27. Should not the lead come from the centre, saying, "We propose" or, "We suggest that this is the kind of approach that should be made to open committees"?
  (Lord Falconer of Thoroton) The approach that we are proposing in 5.29 is that committees be genuinely open. As to what that will involve in a particular case, let ideas come forward. If guidance is necessary specifying how that should be achieved, then no doubt we will issue that guidance.


  28. You keep talking about local authorities that have not got plans and saying there are not very many of them. Would it not be easier, rather than changing the entire system, to insist on those local authorities producing plans?
  (Lord Falconer of Thoroton) We have been trying to make them produce plans over the last ten years but in 40 cases we have failed. You can demand it but ultimately a plan, to be of any validity, needs to be properly consulted upon with the community and proper thoughts have to go into it.

Mrs Ellman

  29. Who decides what the regional spatial strategies are?
  (Lord Falconer of Thoroton) The proposal is that there be a regional spatial strategy steering group. It should be wider than simply local authorities. It should represent a wide range of interests in the region. It should consult with the region on drafts so that the community within the region expresses its views. That regional spatial strategy then needs to be submitted to the Secretary of State. The publication of the regional spatial strategy is then formally done by the Secretary of State.

  30. Who decides who is a member of the regional strategy group?
  (Lord Falconer of Thoroton) It will have to be a matter for a regional spatial strategy steering group to be set up.

  31. Who decides who will be on that group?
  (Lord Falconer of Thoroton) It will be the local authorities in the area in consultation with the regional chamber. They will probably consult with the Secretary of State as to what the steering group should consist of.


  32. So the Secretary of State ultimately decides?
  (Lord Falconer of Thoroton) What the Secretary of State and the relevant players would be seeking to establish would be a representative group that adequately represents the region and that representation has to be beyond simply local authorities.

  33. So how is what Mrs Ellman is asking.
  (Lord Falconer of Thoroton) Consultation with those players, the local authorities, the Secretary of State and the regional chamber.

Mrs Ellman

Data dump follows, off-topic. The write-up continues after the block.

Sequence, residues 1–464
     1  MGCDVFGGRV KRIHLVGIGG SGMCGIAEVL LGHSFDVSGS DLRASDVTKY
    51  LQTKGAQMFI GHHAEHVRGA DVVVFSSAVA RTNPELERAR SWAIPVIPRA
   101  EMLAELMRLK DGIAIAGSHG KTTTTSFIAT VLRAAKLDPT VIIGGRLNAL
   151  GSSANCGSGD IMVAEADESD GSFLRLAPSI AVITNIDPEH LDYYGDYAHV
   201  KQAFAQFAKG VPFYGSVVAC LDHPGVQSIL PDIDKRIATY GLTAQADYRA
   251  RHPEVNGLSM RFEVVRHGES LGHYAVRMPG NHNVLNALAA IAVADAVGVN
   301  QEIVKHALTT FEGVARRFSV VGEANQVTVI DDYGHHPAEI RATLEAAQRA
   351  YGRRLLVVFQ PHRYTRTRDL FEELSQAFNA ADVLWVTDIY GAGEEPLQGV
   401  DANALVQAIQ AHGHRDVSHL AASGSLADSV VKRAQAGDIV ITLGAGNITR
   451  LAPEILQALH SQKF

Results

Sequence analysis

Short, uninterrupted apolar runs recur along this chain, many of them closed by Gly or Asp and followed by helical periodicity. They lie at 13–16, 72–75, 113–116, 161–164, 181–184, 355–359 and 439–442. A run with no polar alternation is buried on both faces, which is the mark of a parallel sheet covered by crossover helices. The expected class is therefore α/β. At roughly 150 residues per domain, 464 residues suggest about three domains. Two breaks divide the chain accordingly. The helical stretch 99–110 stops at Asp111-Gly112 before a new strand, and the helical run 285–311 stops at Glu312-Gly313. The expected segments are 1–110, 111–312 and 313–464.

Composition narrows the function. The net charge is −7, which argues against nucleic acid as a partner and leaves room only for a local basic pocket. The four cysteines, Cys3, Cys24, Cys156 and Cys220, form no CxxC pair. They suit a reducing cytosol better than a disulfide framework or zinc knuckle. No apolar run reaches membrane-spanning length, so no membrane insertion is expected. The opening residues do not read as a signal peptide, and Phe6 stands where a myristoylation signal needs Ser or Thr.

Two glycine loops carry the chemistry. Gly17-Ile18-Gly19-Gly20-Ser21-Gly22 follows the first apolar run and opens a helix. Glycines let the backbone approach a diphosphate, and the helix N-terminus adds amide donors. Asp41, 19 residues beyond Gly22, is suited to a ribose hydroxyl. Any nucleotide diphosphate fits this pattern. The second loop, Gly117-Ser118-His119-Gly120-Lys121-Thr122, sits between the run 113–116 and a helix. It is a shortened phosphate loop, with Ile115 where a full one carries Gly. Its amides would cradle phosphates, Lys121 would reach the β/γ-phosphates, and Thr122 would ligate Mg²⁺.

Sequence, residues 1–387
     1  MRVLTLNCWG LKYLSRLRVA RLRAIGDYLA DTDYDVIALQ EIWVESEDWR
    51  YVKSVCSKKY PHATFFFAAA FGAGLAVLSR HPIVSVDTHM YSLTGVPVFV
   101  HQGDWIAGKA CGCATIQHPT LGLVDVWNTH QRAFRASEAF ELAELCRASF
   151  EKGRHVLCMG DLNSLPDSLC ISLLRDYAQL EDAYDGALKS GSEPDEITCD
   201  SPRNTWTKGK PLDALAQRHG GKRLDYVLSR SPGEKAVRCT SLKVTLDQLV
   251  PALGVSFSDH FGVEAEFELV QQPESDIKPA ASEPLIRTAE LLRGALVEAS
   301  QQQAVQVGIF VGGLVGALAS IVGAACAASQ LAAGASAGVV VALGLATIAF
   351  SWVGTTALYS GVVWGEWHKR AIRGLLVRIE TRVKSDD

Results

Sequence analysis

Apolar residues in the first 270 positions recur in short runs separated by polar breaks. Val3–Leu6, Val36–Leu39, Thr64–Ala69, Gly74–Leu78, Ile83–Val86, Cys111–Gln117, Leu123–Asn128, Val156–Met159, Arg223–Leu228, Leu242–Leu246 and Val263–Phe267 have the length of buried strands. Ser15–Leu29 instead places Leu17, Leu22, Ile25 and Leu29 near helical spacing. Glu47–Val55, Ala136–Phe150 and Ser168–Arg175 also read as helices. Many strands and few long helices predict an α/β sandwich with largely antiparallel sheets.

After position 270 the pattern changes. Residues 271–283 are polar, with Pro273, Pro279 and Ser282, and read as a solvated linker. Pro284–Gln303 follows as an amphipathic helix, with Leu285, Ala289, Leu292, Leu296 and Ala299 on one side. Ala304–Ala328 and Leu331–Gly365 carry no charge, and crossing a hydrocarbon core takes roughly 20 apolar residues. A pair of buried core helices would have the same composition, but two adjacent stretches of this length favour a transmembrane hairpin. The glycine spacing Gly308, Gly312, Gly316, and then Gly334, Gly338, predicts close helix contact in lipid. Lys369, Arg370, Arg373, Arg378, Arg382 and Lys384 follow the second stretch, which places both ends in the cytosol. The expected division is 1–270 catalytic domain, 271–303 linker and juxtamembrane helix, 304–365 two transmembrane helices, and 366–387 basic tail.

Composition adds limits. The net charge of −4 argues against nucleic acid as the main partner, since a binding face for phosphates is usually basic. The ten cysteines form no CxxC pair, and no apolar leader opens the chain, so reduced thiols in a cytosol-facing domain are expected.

34. Who takes the decision?
  (Lord Falconer of Thoroton) Hopefully it will be reached by agreement at the end of the day.

  35. Who takes the decision?
  (Lord Falconer of Thoroton) At the end of the day, if the regional spatial strategy has been drawn up in a way that the Secretary of State does not—

  36. I am not on the strategy yet; I am asking you about the membership of the group which will put together the regional strategy.
  (Lord Falconer of Thoroton) Ultimately, since the Secretary of State can say no to the RSS in particular if it does not adequately represent the views of the region, the Secretary of State could indicate at an early stage whether he thought the steering group was not adequately representative.

  37. How is the assessment made on what represents the views of the region?
  (Lord Falconer of Thoroton) Obviously, we are consulting on this as part of—

  38. Who will decide?
  (Lord Falconer of Thoroton) Hopefully it will be reached by agreement but because the Secretary of State can say at the end of the process, "That was not adequately representative", the Secretary of State could ultimately say, "The group you have put together is not adequately representative."

  39. Would it not be better to have directly elected regions if the regional strategy groups are going to have such importance?
  (Lord Falconer of Thoroton) We think not at the moment. Obviously, there are separate issues about elected regional assemblies. We think the appropriate course is to do it by consultation.

previous page contents next page

House of Commons home page Parliament home page House of Lords home page search page enquiries index

© Parliamentary copyright 2002
Prepared 22 February 2002